Buyer’s Home Guide

Whether you are a first time home buyer or seasoned buyer, the process can sometimes become confusing. This guide is designed to help you focus on the most important aspects you want in your new home.

Financing guidelines make it easy for you to understand what lenders currently look for when evaluating a buyers purchasing power. As many buyers are confused about the different costs involved beyond the down payment, there is a section outlining all the costs associated with buying a home. Some of the costs are a one-time fixed payment, while others represent an ongoing monthly or yearly commitment.

Buying a home is exciting and knowing the basic process up front will help to make this process a smooth transition for you and your family.


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How Much Will My Credit Score Drop with A Short Sale on My Home

How Will My Credit Be Affected After A Short Sale

A FICO score is a how our credit worthiness is measured. The FICO score takes into account the amount of debt one carries as any time, how long a person has been using credit to make purchases, and payment history. The FICO score is used by banks to determine if we will be granted credit. The most stringent of all forms of credit are mortgage loans and while the credit score look good overall the banks will look at payment history to determine if they will lend money. And again mortgage defaults and late payments are not good.

FICO scores range between 350 and 850 and according to Fair Isaac Corporation a score of “650″ is considered fair and “750″ or higher is considered excellent. It is not necessarily whether you have a foreclosure or short sale on your credit that is harmful, it is the late payments that will bring your score down.

Fair Isaac released a report that says credit scores are affected about the same, whether a seller does a short sale or foreclosure. Here is a breakdown of how your FICO score is affected by late payments:

  • 30 days late: 40 to 110 points
  • 90 days late: 70 to 135 points
  • Foreclosure, short sale or deed-in-lieu: 85 to 160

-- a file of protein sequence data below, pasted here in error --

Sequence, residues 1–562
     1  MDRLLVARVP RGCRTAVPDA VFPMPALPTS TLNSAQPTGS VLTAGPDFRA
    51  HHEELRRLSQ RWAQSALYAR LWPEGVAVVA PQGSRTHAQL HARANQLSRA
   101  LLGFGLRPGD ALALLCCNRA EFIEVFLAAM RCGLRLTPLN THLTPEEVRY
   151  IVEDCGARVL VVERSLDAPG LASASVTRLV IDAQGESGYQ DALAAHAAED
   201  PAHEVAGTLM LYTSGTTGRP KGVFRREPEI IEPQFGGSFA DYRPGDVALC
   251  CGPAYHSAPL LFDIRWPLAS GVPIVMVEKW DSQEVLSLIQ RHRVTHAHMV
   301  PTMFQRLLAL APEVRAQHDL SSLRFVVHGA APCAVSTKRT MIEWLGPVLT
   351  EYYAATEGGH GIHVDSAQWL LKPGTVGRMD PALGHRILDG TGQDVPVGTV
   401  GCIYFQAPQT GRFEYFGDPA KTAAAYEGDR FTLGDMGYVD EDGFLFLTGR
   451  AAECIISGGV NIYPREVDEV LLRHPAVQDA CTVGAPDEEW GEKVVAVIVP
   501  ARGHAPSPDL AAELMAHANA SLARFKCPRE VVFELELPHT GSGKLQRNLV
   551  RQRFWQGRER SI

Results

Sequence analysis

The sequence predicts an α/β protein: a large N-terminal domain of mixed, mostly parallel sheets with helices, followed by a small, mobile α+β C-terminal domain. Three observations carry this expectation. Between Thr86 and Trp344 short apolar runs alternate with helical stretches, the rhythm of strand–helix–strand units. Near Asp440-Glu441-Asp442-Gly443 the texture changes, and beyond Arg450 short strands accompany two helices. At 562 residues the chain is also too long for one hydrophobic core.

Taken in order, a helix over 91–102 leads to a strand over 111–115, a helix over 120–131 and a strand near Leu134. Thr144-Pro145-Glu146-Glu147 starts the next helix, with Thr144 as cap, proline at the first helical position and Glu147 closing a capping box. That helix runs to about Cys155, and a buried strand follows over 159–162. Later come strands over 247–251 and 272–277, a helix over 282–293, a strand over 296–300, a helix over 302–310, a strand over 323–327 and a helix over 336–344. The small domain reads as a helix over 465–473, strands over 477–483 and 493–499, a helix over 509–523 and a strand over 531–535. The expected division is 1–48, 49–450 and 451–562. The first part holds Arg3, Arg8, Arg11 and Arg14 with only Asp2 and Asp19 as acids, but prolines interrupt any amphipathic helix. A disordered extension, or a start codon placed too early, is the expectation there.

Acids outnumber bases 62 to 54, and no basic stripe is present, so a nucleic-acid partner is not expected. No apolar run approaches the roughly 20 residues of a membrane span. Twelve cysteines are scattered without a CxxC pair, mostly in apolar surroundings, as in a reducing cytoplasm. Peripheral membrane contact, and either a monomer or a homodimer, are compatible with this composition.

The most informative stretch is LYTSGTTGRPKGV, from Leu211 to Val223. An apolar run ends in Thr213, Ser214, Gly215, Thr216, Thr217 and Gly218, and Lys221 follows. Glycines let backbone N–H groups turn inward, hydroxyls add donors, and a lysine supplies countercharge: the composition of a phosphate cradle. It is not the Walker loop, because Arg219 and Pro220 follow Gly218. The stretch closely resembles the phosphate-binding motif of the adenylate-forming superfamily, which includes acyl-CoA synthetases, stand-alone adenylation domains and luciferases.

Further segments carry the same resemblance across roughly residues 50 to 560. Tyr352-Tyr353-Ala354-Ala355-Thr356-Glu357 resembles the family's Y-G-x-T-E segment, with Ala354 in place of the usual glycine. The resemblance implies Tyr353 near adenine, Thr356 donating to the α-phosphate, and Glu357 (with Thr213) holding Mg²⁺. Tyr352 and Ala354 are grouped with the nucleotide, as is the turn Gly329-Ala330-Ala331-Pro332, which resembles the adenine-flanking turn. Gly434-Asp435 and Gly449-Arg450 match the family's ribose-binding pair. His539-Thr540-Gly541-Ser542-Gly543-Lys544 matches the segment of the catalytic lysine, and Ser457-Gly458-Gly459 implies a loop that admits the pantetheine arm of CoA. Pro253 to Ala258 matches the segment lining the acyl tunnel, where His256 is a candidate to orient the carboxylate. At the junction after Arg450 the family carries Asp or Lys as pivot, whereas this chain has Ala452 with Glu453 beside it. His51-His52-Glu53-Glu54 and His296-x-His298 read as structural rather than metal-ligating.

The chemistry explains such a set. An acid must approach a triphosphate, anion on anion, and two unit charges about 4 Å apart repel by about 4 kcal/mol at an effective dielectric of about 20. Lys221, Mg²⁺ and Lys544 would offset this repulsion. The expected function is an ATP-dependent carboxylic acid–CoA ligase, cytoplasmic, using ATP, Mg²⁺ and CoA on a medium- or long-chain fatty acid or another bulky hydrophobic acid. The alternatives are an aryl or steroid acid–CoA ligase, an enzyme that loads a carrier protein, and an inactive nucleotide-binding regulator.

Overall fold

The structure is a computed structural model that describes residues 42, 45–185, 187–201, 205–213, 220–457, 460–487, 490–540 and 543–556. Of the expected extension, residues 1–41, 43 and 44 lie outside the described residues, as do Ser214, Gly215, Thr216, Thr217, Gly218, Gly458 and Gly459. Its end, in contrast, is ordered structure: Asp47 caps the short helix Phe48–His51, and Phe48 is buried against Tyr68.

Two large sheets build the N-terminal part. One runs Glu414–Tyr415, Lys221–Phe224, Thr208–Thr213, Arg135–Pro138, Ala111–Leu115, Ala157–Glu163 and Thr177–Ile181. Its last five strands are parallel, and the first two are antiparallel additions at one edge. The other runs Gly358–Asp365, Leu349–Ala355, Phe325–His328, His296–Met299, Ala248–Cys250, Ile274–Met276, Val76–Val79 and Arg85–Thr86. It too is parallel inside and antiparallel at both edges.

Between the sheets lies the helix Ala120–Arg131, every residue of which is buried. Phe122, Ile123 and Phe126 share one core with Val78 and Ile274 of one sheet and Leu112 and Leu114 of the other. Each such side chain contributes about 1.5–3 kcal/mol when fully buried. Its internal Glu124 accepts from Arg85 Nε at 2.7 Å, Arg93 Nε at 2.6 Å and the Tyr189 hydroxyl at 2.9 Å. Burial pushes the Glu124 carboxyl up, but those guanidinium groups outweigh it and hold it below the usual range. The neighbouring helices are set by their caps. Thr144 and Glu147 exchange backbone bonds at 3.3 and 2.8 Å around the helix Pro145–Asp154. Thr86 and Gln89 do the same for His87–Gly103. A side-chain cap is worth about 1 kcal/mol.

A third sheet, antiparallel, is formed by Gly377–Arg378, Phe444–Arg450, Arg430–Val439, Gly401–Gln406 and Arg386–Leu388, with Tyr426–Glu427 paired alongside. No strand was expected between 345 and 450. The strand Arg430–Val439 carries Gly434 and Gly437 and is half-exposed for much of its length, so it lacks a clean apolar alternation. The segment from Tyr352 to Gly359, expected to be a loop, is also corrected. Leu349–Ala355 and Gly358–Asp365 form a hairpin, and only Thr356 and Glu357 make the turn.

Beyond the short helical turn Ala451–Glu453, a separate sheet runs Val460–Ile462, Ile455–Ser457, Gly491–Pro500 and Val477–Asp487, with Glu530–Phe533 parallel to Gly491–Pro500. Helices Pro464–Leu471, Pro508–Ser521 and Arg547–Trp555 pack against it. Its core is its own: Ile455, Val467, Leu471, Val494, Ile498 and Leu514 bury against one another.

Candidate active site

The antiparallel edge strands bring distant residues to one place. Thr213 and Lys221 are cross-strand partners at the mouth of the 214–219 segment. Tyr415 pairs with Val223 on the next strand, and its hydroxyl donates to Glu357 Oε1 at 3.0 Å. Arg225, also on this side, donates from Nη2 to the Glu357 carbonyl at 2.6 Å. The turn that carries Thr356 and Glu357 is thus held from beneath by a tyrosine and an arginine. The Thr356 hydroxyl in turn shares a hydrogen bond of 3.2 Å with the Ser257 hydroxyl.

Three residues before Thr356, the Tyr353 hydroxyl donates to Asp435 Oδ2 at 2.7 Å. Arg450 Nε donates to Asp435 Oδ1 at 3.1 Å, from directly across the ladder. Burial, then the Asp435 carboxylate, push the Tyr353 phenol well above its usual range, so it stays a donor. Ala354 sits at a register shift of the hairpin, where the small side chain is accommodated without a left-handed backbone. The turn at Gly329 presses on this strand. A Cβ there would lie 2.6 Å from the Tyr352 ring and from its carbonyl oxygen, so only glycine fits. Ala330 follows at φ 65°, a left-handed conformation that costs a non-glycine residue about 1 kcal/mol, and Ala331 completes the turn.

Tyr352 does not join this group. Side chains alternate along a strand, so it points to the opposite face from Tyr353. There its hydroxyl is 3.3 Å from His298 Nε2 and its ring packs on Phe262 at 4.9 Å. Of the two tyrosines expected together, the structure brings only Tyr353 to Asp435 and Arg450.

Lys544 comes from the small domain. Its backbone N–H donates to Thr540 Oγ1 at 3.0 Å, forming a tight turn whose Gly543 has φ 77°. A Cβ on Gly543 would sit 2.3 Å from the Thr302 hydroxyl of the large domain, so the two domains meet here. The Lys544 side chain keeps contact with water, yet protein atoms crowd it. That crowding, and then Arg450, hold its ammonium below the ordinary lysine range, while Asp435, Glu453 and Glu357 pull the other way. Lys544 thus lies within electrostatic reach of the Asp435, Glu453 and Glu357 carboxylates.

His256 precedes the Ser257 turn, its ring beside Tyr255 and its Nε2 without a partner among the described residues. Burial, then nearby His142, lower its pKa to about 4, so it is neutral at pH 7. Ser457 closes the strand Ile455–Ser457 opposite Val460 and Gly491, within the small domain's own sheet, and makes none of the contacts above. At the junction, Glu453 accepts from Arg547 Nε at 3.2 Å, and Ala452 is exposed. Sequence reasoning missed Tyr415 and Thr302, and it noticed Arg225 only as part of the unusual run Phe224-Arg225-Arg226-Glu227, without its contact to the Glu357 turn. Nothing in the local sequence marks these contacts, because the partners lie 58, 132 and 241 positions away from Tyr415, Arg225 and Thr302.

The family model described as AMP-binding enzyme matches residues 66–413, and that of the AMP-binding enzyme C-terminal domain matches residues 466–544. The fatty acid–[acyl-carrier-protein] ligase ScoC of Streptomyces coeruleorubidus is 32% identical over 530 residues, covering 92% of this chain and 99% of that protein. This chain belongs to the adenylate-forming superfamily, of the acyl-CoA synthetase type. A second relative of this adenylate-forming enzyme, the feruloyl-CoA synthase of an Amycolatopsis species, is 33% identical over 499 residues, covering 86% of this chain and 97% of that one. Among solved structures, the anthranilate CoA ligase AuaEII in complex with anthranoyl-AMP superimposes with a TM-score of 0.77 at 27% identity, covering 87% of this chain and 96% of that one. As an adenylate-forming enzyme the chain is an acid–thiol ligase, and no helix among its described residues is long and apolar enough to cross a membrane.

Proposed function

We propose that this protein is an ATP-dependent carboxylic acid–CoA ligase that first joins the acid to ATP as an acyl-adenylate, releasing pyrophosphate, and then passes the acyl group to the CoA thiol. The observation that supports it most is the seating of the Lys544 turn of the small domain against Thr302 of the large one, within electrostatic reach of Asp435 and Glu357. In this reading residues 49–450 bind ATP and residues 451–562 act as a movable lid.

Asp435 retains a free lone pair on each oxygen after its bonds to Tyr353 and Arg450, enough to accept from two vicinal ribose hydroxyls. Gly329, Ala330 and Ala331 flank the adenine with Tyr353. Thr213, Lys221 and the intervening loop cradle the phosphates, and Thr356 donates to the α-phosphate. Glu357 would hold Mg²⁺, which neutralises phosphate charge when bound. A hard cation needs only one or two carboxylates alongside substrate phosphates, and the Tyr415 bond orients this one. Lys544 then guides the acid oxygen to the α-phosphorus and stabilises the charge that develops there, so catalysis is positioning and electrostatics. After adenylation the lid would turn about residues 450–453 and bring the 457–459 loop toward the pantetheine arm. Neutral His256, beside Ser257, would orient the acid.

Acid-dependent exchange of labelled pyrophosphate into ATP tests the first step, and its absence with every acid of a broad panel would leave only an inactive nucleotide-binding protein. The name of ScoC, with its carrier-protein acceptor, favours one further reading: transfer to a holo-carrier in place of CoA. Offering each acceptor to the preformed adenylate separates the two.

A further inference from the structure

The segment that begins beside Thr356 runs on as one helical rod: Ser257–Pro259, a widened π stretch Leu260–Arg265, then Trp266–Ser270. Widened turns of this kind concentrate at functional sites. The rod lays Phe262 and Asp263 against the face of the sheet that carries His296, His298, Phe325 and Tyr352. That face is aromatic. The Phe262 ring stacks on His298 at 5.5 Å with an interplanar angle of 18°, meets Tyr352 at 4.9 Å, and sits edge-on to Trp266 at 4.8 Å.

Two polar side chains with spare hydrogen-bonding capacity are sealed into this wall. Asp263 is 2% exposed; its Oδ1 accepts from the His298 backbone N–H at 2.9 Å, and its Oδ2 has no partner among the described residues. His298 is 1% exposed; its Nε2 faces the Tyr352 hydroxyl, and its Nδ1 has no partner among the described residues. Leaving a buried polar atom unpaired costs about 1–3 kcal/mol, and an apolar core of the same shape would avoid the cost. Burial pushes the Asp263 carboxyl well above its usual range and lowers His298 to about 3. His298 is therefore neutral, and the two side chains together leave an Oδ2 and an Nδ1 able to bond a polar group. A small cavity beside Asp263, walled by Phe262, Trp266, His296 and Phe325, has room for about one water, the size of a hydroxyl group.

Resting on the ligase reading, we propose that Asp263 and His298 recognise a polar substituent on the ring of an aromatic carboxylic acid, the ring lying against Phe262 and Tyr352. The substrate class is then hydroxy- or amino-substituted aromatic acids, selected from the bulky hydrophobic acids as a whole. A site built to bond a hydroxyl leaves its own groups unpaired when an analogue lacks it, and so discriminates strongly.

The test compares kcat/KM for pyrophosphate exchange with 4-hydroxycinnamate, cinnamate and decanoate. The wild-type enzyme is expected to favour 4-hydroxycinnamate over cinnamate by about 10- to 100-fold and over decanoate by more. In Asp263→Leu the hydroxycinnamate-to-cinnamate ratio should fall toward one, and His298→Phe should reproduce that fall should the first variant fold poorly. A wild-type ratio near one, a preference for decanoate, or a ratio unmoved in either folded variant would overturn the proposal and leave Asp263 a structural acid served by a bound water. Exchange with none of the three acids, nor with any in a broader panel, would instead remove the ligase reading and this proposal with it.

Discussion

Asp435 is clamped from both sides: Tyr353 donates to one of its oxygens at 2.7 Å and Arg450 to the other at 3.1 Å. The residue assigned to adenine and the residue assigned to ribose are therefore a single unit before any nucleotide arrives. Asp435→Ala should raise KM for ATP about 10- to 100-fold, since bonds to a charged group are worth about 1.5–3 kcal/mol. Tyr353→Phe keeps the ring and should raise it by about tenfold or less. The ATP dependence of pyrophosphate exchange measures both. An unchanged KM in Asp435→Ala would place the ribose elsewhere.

• Bankruptcy: 130 to 240
  • Foreclosure or Deed-in-Lieu of Foreclosure
    Both of these solutions affect credit the same. Sellers will take a hit of 200 to 300 points, depending on overall condition of credit. This means if a seller’s FICO score before foreclosure was 680, it could dip as low as 380.
  • Short Sale
    The effect of a short sale (providing the sellers are more than 59 days late) on a seller’s credit report is identical to that of a foreclosure and can result in a loss of 200 to 300 points. If your score prior to a Short Sale was 780, your credit could drop to 480. Getting that score back up requires making payments on time, and not over extending your credit limit-not maxing out your credit cards. Only using a portion of credit available to you is apparently a key factor.

The range of points is based on Fair Isaac’s proprietary scoring algorithm.

Some people that I work with told me that their scores dropped to the high 500′s after a short sale, but then within months was back up to the high 600′s and low 700′s.

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Are Adjustable Rate Mortgages (ARM’s) Becoming Popular Again?

Adjustable Rate MortgagesAdjustable Rate Mortgages are Gaining Momentum Once Again

Adjustable rate mortgages make sense for anyone who believes they will not be staying in their home for the long term. What got so many people in trouble over the past few years is buyers eager to buy a home assumed that by the time the rate adjusted, there would be enough equity in the property to refinance to a fixed rate mortgage. WRONG – it didn’t happen that way. Many of these borrowers were on a 3 and 5 year adjustable rate mortgage and really got hurt when the market took a dive.

If you are almost certain you will only be in your home for 5 to 7 years then the new ARM’s might make sense as there can be a significant savings with an ARM versus a 30 year fixed rate.  Generally ARMs are  one to one and a half percentage points below those of 30-year fixed-rate loans.

The most popular ARMs are the “5/1″ and “7/1″ – interest rates are fixed for the first 5 or 7 years, then adjusted annually at a capped rate. It is important when evaluating these types of loans to understand what the “cap” is what index the rate is tied to.

The FHA 5/1/1 ARM is appealing to many borrowers. Essentially the rate is fixed for the first five years, then will adjust 1% each year for up to 5 years. So if you started out at 3.5% the highest the rate can ever go is 8.5%.